- “Prima donnas vs. knuckle-draggers” – skirting around the background here – and planned for a breakout session sometime during this event – is paying attention to the developer/operations workflow, collaboration, or whatever you want to call the process. Rational and Tivoli have been talking about this issue of late, and it’ll be great to see how it compares to the meat-cloud discussion going on now.
- Finally, as many analysts Twittered, of HP buying 3Com, Mills said he doesn’t like buying down-market, implying that 3Com was…down-market.
Service Management, Tivoli, and Smart Planet
Al Zollar’s Tivoli talk has reflected the business vs. technology split IBM’s been dealing with. Tivoli talks start out speaking about non-IT networks that Tivoli is helping manage – energy, water, etc. – and then quickly wraps up with some new technology highlights:
- The Smart Planet cases highlighted Tivoli being used outside of the data center for waste water system maintenance, a more classic IT story with storage virtualization for INTTRA, using Tivoli to automate recovery actions for banking compliance, and securing smart meter networks. Point being that these are instances of Tivoli managing businesses, not just managing IT.
- Scaling back to good, old-fashioned IT management, Zollar hit up the “we’ve got everything” angle for Tivoli IT Management. This is, of course, the Big 4 sale: the sum is more (important) than its parts.
- Finally, Zollar went over some different deployment and packaging options for the Tivoli stack like the two appliances (for applications and service management) as well as Tivoli Live.
That whole dev/ops thing
The last session of the day was co-hosted by Rational and Tivoli GMs Danny Sabbah and Al Zollar on the topic of getting development and operations to be more friendly with each other. There were several good wall of confusion slides to make the point about the prima donnas (dev) and knuckle-draggers (ops) thinking poorly of each other. And while there was no one product or even set of practices that IBM seems to be going to market with at the moment, the promise was that they were working on it.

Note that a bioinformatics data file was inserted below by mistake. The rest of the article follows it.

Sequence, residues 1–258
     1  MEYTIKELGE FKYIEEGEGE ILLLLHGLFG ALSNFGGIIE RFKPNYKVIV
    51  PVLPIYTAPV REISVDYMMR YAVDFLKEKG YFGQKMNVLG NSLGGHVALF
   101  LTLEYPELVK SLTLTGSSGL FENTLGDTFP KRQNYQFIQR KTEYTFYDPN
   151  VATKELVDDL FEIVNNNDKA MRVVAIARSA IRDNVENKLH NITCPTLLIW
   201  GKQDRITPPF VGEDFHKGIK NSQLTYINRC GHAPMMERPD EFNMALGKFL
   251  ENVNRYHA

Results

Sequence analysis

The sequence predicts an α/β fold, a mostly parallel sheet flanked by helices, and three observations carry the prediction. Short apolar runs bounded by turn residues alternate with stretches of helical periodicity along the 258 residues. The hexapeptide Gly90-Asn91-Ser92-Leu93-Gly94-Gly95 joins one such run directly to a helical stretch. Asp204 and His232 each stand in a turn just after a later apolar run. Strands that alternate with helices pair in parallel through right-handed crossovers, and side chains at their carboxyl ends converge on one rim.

Much of the emphasis revolved around “meta-data” and policy enforcement. The idea being to have more feedback and enforcement between development and operations with respect to what the production system would/must look like. Danna Garder raised the idea of PaaSes having enough constraints that there’s not really much of dev/ops hand-off. Indeed, slicing in virtualization, automation, and the sort of melding of the developer and operations role you hear at places like Velocity is the dream of all this dev/ops business.
Our own James Governor forcefully suggested that the problem was simply companies wanting to development on the cheap. He kept quoting Deutsche Bank wanting to pay £300 a day for a developer as not being enough to get top quality development. The issue being that if the Ration/Tivoli offering was promising cheap costs, then the result would still be cheap. The discussion here merged into the usual “the top percentages best practices don’t apply to the lower percentage” discussion that you get involved in during software deliver productivity blue skying: whatever rockin’ stuff Google is doing isn’t going to work at Boring Giant Company, Inc.
At this point, the discussion for IBM is about potentials vs. shipping product. Interestingly, Zollar said that their customer base is not actively asking for this tighter dev/ops integration: “the marketplace is not pulling this out of us.” Which gets to the pacing IBM takes with concepts like these. We’ll have to check in next year and see what’s happened. It’s a tough nut to crack without being too disruptive.
Disclosure: IBM is a client and paid T&E.